Given that we are discussing people experiencing hardship, will the ISI be in a position to exercise discretion?

Mr. Lorcan O'Connor

No. However, the reason I have referred to the UK in many of my responses is that many of these arrangements have been developed with reference to the practice that has proved to be a success in that jurisdiction. For example, the charge for a debt relief order in the UK is £100 and debtors have had the ability to meet that fee.

What will be the cost for someone who wants to avail of a debt settlement arrangement?

Mr. Lorcan O'Connor

The cost is €250.

Will that be payable to ISI?

Mr. Lorcan O'Connor


Is this also based on the UK model?

Mr. Lorcan O'Connor

They would not be directly comparable but, broadly speaking, that is the approach.

Again, I presume there is no mechanism to allow people to pay over a period.

Mr. Lorcan O'Connor


What will be the cost of a personal insolvency arrangement?

Mr. Lorcan O'Connor

It will be €500.

If someone chooses bankruptcy, he or she will be obliged to pay €740 or €750 immediately?

Mr. Lorcan O'Connor


Are the costs relating to personal insolvency arrangements also based on the UK model?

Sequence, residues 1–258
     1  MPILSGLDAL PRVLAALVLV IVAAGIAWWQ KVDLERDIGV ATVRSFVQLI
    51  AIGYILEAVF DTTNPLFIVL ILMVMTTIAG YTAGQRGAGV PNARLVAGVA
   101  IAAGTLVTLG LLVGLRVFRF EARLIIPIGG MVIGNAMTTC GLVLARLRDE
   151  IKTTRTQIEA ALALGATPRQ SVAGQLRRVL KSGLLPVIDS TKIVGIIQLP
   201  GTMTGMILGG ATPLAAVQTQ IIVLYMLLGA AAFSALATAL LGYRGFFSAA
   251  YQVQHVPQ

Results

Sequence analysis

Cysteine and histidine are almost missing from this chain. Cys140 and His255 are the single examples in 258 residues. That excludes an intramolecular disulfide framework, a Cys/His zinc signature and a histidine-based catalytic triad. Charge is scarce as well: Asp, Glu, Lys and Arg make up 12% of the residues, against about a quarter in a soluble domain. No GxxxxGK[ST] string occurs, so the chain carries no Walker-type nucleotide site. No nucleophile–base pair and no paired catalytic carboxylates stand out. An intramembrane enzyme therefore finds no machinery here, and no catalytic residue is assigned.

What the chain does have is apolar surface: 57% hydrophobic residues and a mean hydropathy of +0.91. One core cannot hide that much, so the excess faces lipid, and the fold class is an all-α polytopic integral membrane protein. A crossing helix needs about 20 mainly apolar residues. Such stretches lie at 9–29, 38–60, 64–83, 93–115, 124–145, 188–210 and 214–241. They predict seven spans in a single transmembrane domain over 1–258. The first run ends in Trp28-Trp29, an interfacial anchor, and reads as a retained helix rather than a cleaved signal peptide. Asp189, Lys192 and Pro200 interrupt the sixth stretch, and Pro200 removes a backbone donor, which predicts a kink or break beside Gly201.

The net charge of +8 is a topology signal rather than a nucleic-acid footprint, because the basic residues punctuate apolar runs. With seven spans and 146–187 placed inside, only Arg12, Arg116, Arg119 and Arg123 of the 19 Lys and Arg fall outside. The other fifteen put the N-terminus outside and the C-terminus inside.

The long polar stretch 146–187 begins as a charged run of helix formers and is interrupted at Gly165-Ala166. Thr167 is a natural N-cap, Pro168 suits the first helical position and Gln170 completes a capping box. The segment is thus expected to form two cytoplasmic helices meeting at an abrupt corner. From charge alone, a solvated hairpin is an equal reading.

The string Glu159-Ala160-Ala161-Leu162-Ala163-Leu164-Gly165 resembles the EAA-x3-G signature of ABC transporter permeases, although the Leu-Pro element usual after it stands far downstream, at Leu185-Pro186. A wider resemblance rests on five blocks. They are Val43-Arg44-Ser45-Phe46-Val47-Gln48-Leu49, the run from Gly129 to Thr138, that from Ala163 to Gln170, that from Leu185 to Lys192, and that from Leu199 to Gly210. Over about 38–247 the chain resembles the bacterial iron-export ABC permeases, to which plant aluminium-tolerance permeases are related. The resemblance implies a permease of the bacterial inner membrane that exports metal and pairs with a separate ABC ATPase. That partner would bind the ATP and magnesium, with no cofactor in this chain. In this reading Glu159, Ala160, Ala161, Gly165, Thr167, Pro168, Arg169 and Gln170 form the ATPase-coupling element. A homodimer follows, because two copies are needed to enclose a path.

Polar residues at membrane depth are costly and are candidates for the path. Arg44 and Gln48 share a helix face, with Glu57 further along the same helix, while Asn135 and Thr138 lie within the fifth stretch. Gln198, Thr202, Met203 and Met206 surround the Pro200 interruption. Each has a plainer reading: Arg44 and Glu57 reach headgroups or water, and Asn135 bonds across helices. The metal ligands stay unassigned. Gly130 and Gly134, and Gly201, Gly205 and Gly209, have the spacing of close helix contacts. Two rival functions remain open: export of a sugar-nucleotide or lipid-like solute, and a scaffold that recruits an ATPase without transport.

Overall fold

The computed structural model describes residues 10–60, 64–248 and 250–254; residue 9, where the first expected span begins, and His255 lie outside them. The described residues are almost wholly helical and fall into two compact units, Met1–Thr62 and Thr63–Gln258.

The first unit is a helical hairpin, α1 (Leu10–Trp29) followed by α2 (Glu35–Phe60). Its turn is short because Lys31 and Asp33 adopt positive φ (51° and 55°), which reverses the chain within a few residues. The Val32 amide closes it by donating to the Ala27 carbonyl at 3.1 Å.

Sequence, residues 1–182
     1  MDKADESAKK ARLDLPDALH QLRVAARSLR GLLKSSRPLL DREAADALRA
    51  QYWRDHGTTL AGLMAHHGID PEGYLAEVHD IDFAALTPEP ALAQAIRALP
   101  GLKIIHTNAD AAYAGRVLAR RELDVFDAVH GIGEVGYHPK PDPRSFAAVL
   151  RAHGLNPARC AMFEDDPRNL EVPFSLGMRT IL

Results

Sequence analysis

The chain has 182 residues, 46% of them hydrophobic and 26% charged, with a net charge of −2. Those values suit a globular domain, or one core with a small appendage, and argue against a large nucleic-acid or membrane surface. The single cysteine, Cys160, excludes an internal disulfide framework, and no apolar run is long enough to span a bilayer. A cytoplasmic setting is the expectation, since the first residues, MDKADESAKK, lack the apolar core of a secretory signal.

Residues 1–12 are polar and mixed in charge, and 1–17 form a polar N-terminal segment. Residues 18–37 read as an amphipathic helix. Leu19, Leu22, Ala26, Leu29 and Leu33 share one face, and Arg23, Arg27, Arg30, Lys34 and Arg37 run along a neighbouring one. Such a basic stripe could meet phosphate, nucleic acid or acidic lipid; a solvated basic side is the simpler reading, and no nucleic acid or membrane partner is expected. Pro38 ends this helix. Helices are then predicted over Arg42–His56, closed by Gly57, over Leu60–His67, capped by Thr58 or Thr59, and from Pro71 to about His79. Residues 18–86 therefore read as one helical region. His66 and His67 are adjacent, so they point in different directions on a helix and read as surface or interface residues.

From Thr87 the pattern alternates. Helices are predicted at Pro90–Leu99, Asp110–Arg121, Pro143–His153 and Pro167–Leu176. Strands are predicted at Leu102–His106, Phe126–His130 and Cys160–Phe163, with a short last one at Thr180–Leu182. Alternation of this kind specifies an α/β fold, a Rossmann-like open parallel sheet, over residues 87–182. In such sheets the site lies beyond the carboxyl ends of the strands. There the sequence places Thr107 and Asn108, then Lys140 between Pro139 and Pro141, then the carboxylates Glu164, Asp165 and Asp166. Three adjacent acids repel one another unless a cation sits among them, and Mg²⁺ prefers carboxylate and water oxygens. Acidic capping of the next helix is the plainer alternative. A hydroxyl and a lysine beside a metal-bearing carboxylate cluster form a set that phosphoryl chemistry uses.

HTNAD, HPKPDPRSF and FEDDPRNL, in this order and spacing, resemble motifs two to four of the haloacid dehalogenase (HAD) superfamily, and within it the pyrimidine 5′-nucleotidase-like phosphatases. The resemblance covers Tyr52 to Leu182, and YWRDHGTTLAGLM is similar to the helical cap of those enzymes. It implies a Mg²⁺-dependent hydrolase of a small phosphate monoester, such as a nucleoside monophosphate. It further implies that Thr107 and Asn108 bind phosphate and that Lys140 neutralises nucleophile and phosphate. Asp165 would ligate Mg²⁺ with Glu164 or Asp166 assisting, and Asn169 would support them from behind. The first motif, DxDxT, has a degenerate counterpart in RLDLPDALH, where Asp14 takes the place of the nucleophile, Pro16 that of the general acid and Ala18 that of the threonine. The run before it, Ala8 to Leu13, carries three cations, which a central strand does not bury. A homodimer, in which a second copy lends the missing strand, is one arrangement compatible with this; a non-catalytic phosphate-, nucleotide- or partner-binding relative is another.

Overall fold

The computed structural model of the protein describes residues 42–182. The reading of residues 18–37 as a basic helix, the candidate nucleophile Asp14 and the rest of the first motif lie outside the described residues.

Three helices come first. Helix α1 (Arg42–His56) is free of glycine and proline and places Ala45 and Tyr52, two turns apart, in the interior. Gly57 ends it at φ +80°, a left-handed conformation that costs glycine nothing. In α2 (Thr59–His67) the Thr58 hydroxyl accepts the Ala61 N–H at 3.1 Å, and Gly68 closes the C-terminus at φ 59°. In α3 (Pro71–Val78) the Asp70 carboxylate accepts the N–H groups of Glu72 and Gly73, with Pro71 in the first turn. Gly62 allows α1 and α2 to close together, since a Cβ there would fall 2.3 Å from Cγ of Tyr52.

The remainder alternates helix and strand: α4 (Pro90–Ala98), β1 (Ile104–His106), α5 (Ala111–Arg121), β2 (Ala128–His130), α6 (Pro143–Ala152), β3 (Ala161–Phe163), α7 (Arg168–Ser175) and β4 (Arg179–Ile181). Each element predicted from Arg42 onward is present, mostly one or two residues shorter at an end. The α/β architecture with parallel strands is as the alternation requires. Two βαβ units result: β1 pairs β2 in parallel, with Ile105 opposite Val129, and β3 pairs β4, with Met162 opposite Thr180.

Mr. Lorcan O'Connor

The personal insolvency arrangement is slightly different in that it includes the treatment of secured debt. As a result, it is not directly comparable with other jurisdictions. If we compare the position on bankruptcy, the benchmark in Ireland is €740 or €750 whereas in the UK it is slightly higher than this.

Is there an equivalent of the debt settlement arrangement in the UK? If so, what is the cost involved?

Mr. Lorcan O'Connor

The ISI's role in debt settlement arrangements is not replicated in the individual voluntary arrangements, IVAs, which obtain in the UK. This means there is no direct comparator. For other common law jurisdictions such as Australia or Canada, the fees would be somewhat comparable. They are, however, on the low side in Ireland.

If people cannot afford to pay €250 or €500, they cannot avail of these schemes as constituted.

Mr. Lorcan O'Connor

That is correct. Again, I must point to the fact that in our guidelines on reasonable living expenses and a reasonable standard of living, we include provision for savings, contingencies, social inclusion and so on. For a single adult, this amounts to almost €200 a month. Using the guidelines as a reference point, there would hopefully be the capacity for people to put something aside over a short period in order to meet the fees.

What has been the level of interaction by the ISI with the financial institutions in recent times in the context of the operation of this scheme? I am particularly interested in hearing about how the banks are dealing with personal insolvency arrangements, but perhaps Mr. O'Connor could also comment on their approach to debt settlement arrangements.

Mr. Lorcan O'Connor